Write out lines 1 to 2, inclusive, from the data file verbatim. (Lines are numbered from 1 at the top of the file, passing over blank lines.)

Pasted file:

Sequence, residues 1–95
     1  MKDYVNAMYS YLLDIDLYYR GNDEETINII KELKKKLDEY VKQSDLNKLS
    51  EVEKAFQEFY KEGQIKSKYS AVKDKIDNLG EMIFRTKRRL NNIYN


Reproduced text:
Sequence, residues 1–95
     1  MKDYVNAMYS YLLDIDLYYR GNDEETINII KELKKKLDEY VKQSDLNKLS